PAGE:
Converting CDs to FLAC/MP3

Discussion in 'Audio Hardware' started by RhodyDave125, Sep 11, 2018.

  1. RhodyDave125

    RhodyDave125 Streetwalkin' Cheetah Thread Starter


    I'm thinking about ditching the physical media of my CD collection and converting all of them to some file format that can be stored digitally.

    I'd love recommendations from those of you who've done this. Any hardware advice, format advice, whatever, would be immensely appreciated.

    FYI, I no longer have any computer with a physical disc, so I would need to buy some new audio equipment specifically for this purpose. My CD player is a player only.

    CrazyCatz likes this.
  2. DJAd

    DJAd Well-Known Member

    I would rip them to FLAC. Im currently doing this myself at the moment. Use EAC (Exact audio copy) to do this. There are some guides about on how to configure it. Cue ripper is another good tool. This way you can create an exact copy of the CDs without any loss in quality. You will need a CD drive to do this though.
  3. L.P.

    L.P. Forum Resident

    I also recommend EAC with Accurate Rip, rip to .flac if space is not a problem (thousands and thousands of CDs). I ripped everything to 320kbit/s MP3 because I started when the biggest HDD I could afford was 500 mbyte. I have no regrets and don't plan to re-rip for a barely (if at all) noticeable improvement. But for archival reasons alone I would defintely recommend a universal lossless format like .flac.

    Try to find a good disc-drive, the new slim external ones are slow and unreliable.

    When 'accurate rip' is available, rip in 'burst mode', don't bother with the 'secure mode', it takes way to long and wears out your drive faster.

    You should store a number of hard drives in different places (buildings) for safety reasons.

    Depending on how many CDs you have to rip, this project will take weeks or months of your precious time. You could save a lot of time by not doing it and just stream the music from a streaming service.

    I'm happy that I ripped and safely stored everything I have, but if I had to start now, I probably would not do it again. Or rip just the rare ones that are not on Spotify. But definitely in .flac this time!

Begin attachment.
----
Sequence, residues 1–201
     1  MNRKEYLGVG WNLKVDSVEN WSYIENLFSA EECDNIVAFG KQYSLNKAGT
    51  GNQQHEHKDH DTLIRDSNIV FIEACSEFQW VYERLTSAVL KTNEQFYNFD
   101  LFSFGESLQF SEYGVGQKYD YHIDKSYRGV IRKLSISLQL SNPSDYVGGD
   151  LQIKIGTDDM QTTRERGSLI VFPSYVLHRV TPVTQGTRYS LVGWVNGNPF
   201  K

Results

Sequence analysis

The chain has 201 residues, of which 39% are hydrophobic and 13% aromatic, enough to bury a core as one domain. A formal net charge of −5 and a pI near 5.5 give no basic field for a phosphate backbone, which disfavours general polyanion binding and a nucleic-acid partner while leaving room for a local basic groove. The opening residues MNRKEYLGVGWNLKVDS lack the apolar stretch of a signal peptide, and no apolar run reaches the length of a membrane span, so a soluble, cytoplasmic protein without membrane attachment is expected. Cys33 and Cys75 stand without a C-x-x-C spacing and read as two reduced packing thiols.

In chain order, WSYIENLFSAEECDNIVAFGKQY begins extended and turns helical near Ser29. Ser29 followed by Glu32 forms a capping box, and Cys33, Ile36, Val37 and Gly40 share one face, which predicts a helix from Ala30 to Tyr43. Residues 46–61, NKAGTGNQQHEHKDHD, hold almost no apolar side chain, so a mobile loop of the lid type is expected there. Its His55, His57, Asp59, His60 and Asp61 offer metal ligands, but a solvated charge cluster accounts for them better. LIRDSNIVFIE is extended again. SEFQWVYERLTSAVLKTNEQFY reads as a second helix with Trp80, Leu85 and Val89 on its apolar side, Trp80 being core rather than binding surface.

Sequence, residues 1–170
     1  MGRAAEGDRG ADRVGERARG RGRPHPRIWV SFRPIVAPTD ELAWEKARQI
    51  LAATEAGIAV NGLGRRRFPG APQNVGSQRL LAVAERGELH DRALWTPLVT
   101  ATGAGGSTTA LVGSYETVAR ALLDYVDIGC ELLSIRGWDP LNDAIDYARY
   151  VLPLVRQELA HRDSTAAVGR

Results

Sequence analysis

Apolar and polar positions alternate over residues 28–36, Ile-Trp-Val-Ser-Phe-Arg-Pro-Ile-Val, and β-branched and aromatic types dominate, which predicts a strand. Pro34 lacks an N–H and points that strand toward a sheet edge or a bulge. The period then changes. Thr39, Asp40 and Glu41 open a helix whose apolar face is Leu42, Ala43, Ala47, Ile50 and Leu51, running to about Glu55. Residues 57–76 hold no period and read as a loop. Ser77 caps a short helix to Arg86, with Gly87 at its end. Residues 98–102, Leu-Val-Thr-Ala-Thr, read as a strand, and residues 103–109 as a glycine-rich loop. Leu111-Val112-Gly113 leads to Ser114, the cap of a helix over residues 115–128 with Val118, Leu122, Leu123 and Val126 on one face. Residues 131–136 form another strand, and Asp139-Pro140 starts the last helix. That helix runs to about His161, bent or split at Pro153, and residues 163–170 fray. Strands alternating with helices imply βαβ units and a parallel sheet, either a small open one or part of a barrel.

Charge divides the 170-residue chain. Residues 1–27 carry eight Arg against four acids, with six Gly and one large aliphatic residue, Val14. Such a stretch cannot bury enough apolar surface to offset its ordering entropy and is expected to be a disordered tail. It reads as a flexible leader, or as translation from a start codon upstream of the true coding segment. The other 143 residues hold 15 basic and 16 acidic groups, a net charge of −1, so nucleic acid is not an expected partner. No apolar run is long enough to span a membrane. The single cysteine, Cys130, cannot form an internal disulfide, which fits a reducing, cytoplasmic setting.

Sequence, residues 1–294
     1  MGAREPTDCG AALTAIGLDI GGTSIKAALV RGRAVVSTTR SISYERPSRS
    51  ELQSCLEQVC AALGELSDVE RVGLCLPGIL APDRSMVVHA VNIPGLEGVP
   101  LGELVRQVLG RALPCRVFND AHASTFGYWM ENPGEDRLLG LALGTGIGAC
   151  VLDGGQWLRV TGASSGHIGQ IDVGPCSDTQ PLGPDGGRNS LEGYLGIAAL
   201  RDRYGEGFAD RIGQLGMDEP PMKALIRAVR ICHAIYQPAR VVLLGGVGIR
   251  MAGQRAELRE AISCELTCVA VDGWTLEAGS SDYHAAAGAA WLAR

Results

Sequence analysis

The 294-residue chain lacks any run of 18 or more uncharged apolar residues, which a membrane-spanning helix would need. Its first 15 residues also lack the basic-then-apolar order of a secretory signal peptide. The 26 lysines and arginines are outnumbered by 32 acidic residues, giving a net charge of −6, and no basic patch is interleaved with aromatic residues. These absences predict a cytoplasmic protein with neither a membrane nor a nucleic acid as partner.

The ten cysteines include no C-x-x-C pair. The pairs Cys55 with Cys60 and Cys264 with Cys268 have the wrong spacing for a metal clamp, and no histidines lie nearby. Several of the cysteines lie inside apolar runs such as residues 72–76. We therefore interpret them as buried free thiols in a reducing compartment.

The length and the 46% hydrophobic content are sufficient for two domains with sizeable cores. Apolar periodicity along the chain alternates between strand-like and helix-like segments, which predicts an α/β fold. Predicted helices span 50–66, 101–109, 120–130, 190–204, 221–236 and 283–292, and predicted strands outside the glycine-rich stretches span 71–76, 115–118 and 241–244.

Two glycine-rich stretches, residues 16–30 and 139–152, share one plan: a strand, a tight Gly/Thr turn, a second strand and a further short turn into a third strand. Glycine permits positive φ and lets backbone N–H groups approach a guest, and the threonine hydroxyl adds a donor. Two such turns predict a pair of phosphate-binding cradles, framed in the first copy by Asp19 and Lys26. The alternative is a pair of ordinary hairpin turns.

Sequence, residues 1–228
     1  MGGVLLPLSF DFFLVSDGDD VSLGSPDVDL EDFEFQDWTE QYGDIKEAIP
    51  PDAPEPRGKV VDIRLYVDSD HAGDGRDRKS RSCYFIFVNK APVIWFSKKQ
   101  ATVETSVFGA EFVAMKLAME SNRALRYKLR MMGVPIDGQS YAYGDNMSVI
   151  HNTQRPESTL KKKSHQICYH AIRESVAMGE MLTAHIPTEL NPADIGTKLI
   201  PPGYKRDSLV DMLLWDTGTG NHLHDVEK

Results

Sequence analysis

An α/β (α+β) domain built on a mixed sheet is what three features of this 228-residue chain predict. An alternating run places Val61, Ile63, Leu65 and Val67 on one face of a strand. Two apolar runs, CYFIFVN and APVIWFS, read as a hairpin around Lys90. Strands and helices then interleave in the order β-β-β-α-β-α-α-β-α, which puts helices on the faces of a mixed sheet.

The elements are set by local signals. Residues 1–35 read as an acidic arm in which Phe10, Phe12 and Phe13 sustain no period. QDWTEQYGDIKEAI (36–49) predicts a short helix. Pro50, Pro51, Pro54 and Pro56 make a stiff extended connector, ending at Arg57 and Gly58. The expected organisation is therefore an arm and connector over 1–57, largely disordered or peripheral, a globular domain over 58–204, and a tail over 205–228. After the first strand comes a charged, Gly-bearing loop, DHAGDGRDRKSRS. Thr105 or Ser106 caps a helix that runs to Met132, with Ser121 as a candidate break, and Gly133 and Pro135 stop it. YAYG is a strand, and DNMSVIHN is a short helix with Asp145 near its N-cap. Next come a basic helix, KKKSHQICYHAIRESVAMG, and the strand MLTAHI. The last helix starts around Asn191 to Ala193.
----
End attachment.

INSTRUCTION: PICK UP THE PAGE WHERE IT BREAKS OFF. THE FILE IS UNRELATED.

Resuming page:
CrazyCatz likes this.
  4. Mike-48

    Mike-48 Forum Resident

    Portland, Oregon
    EAC with AccurateRip is a good recommendation. Another one is dBpoweramp, the ripping program that originated the AccurateRip concept. The inexpensive paid version includes access to 5 or 6 metadata sources (especially helpful if your collection has classical music).

    I suggest ripping to FLAC, unless you are running an Apple setup, in which case ALAC is equivalent. Do not rip to a lossy format like mp3! As your system gets better, you will hear the difference!

    If you mean your computer doesn't have an optical drive (CD/DVD/BR drive), consider purchasing an external USB one.

    I use a NAS with 4 disks and RAID to store my music files. Remember, even with RAID, BACKUPS of the ripped files are a MUST. Every disk fails eventually.

    Too much work? For some it is. Don't do it unless it's right for you.

    Kyhl, nosliw, JimmyCool and 1 other person like this.
  5. jeffmackwood

    jeffmackwood Forum Resident

    I'm happy with 320MP3. I readily admit I can't tell the difference, with my non-Golden ears, between it and the original CD from whence it was ripped.

    Great compatibility / storage space / sound quality balance.

    Way (way) back when, I first ripped my (then very much smaller) CD collection to 192MP3. I switched to 320MP3 a number of years ago, have gone back and re-ripped many "key" CDs, and now probably 75% of the >200k tracks in the collection are at that higher bit rate.

    Coltrane811, L.P., nosliw and 2 others like this.
  6. Apesbrain

    Apesbrain Forum Resident

    East Coast, USA
    Consider purchasing a Bluesound Vault 2. It's a music server (computer) with built-in ripping drive. Just feed it CDs as you can and it will convert to fully tagged FLAC files. Plays to your stereo or to other Bluesound devices. Control via PC, tablet, or cell phone.
  7. klockwerk

    klockwerk Forum Resident

    Ohio USA
    Honest and accurate advise. I can't tell the difference either, but hard drive space is so cheap that I'm ripping anything 'new' to FLAC.